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RFID - FAQs
 

Why RFID?

The task of receiving, transporting, sorting and shelving materials has exploded in recent years. RFID provides a solution to automate much of this handling and return staff to the business of customer service.

?The use of RFID reduces the amount of time required to perform circulation operations. The most significant time savings are attributable to the facts that information can be read from RFID tags much faster than from bar codes and that several items in a stack can be read at the same time.?

RFID system consists of three components:
 

  • RFID Tag: A tag or transponder that consists of a microchip with an antenna that is electronically programmed with unique information. Each paper-thin tag contains an etched antenna and a microchip with a capacity of more than 64 bits of information. There are three types: read only, WORM (Write-Once-Read-Many), and read/write.

    There are 2 types of tags available;

    RFID Active Tags: Active Tags are radio frequency identification devices which require batteries for their operation. Active tags have a life of about ten years, due to their batteries. Still, active tags are an interesting option that allows higher data transmission rates and greater distances between tag and reader. They also offer better performance in electro magnetically noisy environments.

    RFID Passive Tags: Passive tags are radio frequency identification devices that do not have any internal power source. Their energy source is the power emitted from adjacent antennas.
     

  • RFID Reader: A reader or sensor with an antenna that interrogates the tags. The reader sends out electromagnetic waves. The tag antenna is tuned to receive these waves. A passive RFID tag draws power from field created by the reader and uses it to power the microchip?s circuits. The chip then modulates the waves that the tag sends back to the reader and the reader converts the new waves into digital data.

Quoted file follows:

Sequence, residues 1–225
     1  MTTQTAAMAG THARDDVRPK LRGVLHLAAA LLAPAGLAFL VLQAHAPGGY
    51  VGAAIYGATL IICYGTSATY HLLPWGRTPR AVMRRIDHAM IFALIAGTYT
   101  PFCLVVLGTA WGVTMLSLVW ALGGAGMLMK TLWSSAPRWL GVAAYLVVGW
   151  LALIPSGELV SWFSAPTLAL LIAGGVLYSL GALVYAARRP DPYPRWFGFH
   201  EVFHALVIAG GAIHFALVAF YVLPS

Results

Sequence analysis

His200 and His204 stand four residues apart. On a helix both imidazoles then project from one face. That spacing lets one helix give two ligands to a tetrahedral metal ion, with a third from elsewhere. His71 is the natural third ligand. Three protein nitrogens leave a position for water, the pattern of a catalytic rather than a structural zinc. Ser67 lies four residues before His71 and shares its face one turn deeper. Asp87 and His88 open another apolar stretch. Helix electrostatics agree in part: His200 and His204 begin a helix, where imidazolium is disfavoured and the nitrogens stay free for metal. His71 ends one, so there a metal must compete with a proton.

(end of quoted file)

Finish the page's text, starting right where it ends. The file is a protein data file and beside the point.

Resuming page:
• Interface Software: A server or docking station on which the software that interfaces with the RFID is loaded. The software can be linked to the readers and sensors.

Passive Tags vs. Active Tags

Active RFID tags have a battery, which is used to run the microchip's circuitry and to broadcast a signal to a reader (the way a cell phone transmits signals to a base station). Passive tags have no battery. Instead, they draw power from the reader, which sends out electromagnetic waves that induce a current in the tag's antenna. Semi-passive tags use a battery to run the chip's circuitry, but communicate by drawing power from the reader. Active and semi-passive tags are useful for tracking high-value goods that need to be scanned over long ranges, such as railway cars, trucks and ships, but they cost significantly more, making them prohibitively expensive to put on low-cost items. Most companies are focusing on passive UHF tags, which cost fewer than 50 cents today in volumes of 1 million tags or more.

What will be RFID tag read range?

The read range of passive tags depends on many factors: the frequency of operation, the power of the reader, interference from metal objects or other radio frequency devices. In general, low-frequency tags are read from a foot or less. High frequency tags are read from about three feet and UHF tags are read from 10 to 20 feet. Where longer ranges are needed, active tags use batteries to boost read ranges to 300 feet or more. Passive tags are undoubtedly less expensive than active tags and can be disposed of with the product?s packaging.

How much information can the tag store?